Objective - The efficacy of defibrinogenation therapy for idiopathic sudden sensorineural hearing loss was studied in comparison with high-dose steroid therapy. Material and methods - Eighty-eight consecutive patients with hearing levels > 40 dB and who had suffered hearing loss for ≤ 30 days were enrolled: 40 patients for high-dose steroid therapy (PSL group) and 48 for defibrinogenation therapy (BX group). Hearing recovery was evaluated by grade assessment and by the improvement in hearing compared to the unaffected contralateral ear. Results - The overall hearing outcomes of the two groups were roughly equivalent. However, with regard to patients with initial hearing levels < 80 dB, the hearing improvement rate of the BX group was significantly worse than that of the PSL group (61.2% ± 7.3% vs 88.7% ± 8.9%; p < 0.05), whereas in patients with initial hearing levels ≥ 80 dB, the hearing outcomes did not differ between the 2 groups. Three patients in the PSL group manifested hyperglycemia while no serious side-effects were observed in the BX group. Conclusion - These results indicate that high-dose steroid therapy should be employed in preference to defibrinogenation therapy for patients with moderate hearing loss, whereas defibrinogenation therapy has an advantage for those with severe hearing loss, in view of its lower frequency of side-effects.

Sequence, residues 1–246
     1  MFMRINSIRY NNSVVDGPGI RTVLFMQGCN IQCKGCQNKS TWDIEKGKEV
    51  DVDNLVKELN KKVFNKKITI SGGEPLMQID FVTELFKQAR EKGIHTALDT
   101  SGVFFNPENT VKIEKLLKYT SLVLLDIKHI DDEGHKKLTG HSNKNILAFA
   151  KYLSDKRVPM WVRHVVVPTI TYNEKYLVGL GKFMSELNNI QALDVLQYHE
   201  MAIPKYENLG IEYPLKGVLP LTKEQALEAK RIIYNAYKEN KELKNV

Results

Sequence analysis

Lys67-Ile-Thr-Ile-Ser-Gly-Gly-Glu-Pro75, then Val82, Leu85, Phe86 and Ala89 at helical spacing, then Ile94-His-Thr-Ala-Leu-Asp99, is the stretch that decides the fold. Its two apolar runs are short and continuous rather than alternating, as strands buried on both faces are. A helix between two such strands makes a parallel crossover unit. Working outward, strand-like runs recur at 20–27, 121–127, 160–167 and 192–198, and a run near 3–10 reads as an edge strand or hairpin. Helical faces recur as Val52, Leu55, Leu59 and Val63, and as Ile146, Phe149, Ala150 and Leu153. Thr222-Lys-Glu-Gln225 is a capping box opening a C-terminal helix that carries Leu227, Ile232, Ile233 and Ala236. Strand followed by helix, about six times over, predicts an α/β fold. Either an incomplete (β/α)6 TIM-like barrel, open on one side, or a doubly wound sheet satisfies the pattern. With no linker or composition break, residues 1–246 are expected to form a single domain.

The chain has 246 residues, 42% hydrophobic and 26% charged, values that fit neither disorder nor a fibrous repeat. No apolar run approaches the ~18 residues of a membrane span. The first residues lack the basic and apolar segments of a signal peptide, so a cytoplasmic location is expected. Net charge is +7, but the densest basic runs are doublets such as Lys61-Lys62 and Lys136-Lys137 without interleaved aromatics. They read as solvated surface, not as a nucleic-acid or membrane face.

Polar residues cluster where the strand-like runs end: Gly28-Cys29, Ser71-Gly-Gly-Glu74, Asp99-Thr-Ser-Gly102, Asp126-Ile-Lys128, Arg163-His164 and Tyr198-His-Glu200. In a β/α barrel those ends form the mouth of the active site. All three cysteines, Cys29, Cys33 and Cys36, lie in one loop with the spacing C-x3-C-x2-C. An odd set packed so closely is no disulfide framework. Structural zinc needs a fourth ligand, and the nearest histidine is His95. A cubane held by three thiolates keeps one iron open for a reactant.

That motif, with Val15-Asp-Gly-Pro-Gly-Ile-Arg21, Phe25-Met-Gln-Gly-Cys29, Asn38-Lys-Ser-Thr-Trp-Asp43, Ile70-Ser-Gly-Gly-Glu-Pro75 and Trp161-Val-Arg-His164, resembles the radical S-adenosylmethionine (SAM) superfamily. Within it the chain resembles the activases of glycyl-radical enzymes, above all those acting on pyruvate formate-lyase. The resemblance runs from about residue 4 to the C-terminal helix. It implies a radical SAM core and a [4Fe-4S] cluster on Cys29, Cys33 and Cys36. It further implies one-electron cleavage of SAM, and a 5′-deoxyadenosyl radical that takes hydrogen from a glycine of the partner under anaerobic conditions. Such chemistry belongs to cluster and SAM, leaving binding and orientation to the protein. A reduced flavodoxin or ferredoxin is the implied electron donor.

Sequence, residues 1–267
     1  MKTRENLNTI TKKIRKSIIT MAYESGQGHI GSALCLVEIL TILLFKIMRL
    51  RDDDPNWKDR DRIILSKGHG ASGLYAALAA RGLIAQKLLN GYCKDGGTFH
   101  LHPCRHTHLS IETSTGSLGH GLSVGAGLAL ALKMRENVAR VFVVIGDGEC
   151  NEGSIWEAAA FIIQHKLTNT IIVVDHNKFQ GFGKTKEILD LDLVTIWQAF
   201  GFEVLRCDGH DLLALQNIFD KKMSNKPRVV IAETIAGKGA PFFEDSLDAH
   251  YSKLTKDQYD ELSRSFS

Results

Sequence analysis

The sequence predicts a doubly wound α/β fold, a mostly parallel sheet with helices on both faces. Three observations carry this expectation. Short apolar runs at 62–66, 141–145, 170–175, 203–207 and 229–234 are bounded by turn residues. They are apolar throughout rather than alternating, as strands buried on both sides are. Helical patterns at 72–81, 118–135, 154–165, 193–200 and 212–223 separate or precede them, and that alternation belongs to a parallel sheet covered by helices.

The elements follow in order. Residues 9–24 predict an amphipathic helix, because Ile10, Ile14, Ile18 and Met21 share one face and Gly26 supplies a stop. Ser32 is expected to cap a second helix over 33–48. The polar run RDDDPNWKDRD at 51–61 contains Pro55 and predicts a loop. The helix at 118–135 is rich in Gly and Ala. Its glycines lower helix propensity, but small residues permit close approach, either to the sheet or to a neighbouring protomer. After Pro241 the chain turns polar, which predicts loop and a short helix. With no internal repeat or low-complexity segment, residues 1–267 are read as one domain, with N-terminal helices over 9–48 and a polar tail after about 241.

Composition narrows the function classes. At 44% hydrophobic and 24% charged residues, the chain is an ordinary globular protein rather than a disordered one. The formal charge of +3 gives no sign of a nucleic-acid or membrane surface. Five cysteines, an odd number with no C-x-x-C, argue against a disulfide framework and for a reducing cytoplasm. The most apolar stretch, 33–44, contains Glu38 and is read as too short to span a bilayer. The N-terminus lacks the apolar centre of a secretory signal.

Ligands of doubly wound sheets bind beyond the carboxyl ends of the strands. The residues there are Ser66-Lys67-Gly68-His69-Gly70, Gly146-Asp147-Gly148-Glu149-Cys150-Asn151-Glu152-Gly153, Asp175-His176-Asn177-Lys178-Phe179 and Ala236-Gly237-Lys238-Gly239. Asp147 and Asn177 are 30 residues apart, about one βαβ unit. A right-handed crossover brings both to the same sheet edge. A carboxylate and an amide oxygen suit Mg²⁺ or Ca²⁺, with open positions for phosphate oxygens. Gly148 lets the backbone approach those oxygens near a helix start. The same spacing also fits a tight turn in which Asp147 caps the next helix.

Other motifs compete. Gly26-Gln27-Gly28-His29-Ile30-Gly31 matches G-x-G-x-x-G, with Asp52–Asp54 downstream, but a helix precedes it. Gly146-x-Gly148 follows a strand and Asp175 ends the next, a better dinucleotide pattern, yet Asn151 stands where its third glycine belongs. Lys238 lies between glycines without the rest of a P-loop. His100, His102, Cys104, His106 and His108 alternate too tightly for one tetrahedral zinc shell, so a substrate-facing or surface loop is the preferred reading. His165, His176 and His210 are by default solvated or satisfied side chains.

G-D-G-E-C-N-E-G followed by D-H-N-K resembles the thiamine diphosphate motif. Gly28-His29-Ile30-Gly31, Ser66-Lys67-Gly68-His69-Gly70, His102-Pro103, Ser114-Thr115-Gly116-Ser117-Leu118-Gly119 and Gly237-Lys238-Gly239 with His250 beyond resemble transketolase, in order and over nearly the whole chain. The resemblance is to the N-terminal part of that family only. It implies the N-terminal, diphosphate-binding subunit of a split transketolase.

- Defibrinogenation therapy
- High-dose steroid therapy
- Idiopathic sudden sensorineural hearing loss
ASJC Scopus subject areas